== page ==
Around a year ago I have asked a question about the weakest factor of authentication.
I have had some good answers that convinced me as I always imagined the authentication process in my head as some employee in a high security facility trying to get access to his office by entering his pin or someone trying to login into his PC by entering his password but the answers make little sense if we were talking about a vehicle.
- Car keys can get easily lost or stolen by a stranger you met in some pub but it's highly unlikely that you shout your password while you are sleep talking
- It's a big hassle and an expensive process to change your car keys; Passwords are very easy to change.
As you can tell from the other question, the biggest issues with passwords (according to the answers I received) were:
- If someone has your password, you may not be able to tell that they are actively exploiting that knowledge.
- Passwords enable random guessing, offline dictionary search, and other attacks.
- That's true if someone were spying on your system, but if a stranger had your car keys I don't think they would return your car and if they did, you will be able to tell that someone else had access to your car.
- Having the car locked for 5 minutes after three failed attempts is a pretty good solution.
Are you in hurry to go to work? Get inside the house and get the master physical key; having a master physical key that overrides the password system is a good rescue solution, but not when you carry it with you all the time. Carrying the authentication secret in your head is safer than carrying it in your pocket.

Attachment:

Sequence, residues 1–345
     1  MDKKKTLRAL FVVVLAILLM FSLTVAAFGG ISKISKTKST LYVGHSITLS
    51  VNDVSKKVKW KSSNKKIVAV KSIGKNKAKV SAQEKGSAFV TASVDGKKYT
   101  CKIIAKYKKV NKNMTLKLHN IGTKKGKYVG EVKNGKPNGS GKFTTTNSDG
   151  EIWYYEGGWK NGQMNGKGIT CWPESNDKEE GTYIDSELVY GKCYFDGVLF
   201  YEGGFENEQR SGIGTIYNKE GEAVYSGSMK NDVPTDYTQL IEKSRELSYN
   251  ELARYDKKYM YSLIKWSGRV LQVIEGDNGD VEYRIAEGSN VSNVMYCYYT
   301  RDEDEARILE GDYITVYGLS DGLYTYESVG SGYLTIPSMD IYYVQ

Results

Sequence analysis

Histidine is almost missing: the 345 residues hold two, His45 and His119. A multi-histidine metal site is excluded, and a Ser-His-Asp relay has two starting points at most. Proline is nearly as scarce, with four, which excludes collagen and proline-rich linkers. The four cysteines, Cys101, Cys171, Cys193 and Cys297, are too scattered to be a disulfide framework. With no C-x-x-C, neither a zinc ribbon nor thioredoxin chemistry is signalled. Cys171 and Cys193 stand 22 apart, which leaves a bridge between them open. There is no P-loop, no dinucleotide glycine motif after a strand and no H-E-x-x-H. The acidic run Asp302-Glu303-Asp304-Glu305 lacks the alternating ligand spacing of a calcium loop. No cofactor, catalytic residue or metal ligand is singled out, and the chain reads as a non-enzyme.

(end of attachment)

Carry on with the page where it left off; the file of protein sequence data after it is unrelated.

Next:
Few other things that come to my mind which makes me wonder why I've never seen a car with a password
You can always use your car as a getaway car in a bank robbery and you later claim that you have lost the keys and it was not you; you can't do that with a password.
A similar idea has been introduced by an infosec expert got turned down the other day on Dragons' Den even when he has invented a nice combination of a device that get attached to the car engine and a mobile app. The mobile app is superior to your physical key and you can't start the car without the app, even if you have the key.
Peter Jones attacked the idea based on the fact that your mobile might run out of charge; the authentication system of the car would never run out of charge as it gets powered by the car battery; it's replaceable, protected and if it's down, the car is down anyway and you can't blame the authentication system.